Sliding into Sevilla and Spanish Culture


Real Alcázar de Sevilla (Andrew, Donya, Me, Meghan, David, Eliza, and Mason).

Yesterday marked two entire weeks that I’ve been in Spain, and yet it simultaneously feels like I’ve been here for both longer and shorter than that. Go figure. In just two weeks’ time, I’ve taken two exams, written two papers, and have somehow managed to visit the beautiful city of Sevilla as well. It’s weird to think that I only have about 3 weeks to absorb all that I can from this country, but lord knows I’m going to try.

Besides the obvious transition of going somewhere that speaks another language, the cultural transition of being in Spain has been more striking than I thought it would be. Being Hispanic, I was under the impression that I’d fit in really nicely and that things would be more or less the same. Needless to say, that hasn’t exactly been the case, and I’m pretty happy about that. The Spanish definitely live different lives than us Americans, which has left me saying “Pues, cuando en España…” quite a lot.

Although there are some things that I took for granted about American culture such as currency that fits in my wallet (I’m looking at you 1 and 2 euro coins), for the most part I find the differences in culture compelling and wish we’d integrate some of these things into our way of life. Without further ado, here are some of my favorite cultural differences about Spain:

La Plaza de España (Sevilla).

The Schedule:

Spaniards are very interesting in the way that they seem to have the same activities and things to do as us Americans, they just push the schedule back by a few hours. Don’t mistake this for being lazy, as the people in this country are anything but. What I mean by this, is that they wake up at the same time (~8 am), but the rest of their day seems to be pushed back by a few hours.

My professor made an effort to inform me that “almuerzo no existe en España,” as in lunch doesn’t exist here, and he’s right, at least not in the way we’re used to. In the mornings, people usually have their usual café con leche (coffee) with a tostada (toast) and then don’t have their “lunch” until after 2pm. To subside the lack of food, they MIGHT have a tapa at around noon or so but usually people just wait.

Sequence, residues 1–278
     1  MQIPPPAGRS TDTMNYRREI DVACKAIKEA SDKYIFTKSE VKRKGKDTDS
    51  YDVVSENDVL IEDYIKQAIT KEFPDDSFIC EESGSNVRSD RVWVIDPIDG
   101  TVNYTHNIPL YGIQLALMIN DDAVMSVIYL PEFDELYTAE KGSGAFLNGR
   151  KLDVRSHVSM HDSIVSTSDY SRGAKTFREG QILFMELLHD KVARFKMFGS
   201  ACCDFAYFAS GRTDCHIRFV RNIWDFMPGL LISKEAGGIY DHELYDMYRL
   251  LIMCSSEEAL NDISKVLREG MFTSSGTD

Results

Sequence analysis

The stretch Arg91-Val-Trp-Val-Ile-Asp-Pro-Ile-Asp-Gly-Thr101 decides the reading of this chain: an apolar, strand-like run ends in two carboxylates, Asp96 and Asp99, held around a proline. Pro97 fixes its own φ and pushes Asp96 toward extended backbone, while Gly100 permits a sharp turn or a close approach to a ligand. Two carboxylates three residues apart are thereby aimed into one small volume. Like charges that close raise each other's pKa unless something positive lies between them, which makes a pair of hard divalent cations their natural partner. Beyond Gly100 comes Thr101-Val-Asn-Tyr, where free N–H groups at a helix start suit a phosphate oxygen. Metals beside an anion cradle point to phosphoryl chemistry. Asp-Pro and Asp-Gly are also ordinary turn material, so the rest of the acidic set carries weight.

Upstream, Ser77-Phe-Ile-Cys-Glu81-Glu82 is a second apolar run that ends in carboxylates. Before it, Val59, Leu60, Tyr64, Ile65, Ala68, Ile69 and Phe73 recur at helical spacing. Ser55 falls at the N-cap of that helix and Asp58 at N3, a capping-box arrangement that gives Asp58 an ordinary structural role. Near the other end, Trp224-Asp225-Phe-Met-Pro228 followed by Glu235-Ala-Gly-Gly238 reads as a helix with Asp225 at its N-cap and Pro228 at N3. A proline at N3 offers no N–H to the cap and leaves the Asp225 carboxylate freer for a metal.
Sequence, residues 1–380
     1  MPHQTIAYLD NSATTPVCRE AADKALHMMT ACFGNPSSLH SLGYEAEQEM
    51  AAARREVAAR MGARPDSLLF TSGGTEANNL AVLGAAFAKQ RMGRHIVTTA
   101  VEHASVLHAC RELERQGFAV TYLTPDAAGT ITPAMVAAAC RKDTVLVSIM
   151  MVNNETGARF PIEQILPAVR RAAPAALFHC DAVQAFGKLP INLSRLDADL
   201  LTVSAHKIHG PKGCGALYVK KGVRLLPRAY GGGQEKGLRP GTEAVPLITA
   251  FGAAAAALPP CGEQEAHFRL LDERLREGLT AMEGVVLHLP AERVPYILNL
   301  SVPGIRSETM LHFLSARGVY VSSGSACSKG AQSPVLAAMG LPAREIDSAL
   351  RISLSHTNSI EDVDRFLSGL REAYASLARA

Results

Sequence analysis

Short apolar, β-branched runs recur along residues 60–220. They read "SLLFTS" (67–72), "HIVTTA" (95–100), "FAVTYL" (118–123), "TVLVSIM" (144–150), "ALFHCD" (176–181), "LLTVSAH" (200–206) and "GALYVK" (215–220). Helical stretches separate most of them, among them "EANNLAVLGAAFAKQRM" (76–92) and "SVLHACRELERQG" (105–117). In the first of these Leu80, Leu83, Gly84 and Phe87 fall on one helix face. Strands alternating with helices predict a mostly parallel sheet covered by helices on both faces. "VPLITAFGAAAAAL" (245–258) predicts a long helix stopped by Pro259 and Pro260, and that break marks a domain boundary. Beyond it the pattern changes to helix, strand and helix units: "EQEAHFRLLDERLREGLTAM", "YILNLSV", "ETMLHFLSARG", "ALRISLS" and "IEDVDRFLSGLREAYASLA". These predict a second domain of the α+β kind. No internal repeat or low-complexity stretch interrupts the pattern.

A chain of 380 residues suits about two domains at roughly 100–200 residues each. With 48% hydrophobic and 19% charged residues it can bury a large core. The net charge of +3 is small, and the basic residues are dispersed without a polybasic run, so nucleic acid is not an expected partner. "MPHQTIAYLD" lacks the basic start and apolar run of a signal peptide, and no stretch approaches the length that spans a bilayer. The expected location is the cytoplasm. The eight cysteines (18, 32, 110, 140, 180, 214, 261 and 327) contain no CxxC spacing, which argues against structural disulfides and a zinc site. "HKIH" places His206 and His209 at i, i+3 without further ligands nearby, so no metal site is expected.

Dinner then isn’t until around 9pm, and my host mother informed me that some people like her don’t even eat dinner, they just have large lunches at 2pm. Many people in Spain work later hours and thus the night life in Spain doesn’t really start until after 12AM, when most Americans call it quits.

La Torre del Oro de Sevilla.

Menu del Día:

I’ve been making an effort to try as many types of Spanish cuisine as I can and have crossed off many of the stereotypical foods such as paella, gazpacho, and tortillas (Not the ones you’re thinking of like in America. Look up Spanish tortilla, you can’t simply wrap a burrito with one of these bad boys, trust me).

I wouldn’t have been able to do this if it wasn’t for the amazing Menu del Día, a sort of combo that most restaurants in Spain offer. Basically, restaurants will have set options for not one, but two plates of food, as well as a drink, bread, and dessert. Every day for lunch my friends and I have utilized this deal and I’ve yet to be disappointed.

An example of a “Menu del Día”.

Walking/ Public Transit:

There are noticeably less cars, and smaller roads in many areas of Spain. For example, the roads of Sevilla were stone and only big enough to fit one car at a time (and not comfortably). For this reason, there are a myriad of people walking and utilizing the amazing public transit system in Spain and let me say that NYC and Philly really should take notes.

An example of a Street in Sevilla, Spain.


As somebody who can never nap, this one came as a shock to me. Although the stereotype that the Spanish simply shut down for hours at a time to nap collectively is false, I would be lying if I didn’t say that my host mom encourages often that we nap after class to be well rested for homework. This makes sense considering Spain’s night life goes well past midnight and many still get up at a reasonable hour the next day. Even my professors have encouraged us to take part in “la siesta española.”

La Catedral de Santa María de la Sede.

It seems like every day I find another thing to love about this country and another reason not to leave! Next week I’m off to San Sebastían in the Basque Country, so stay tuned! ¡Hasta luego!

The View from La Torre del Oro.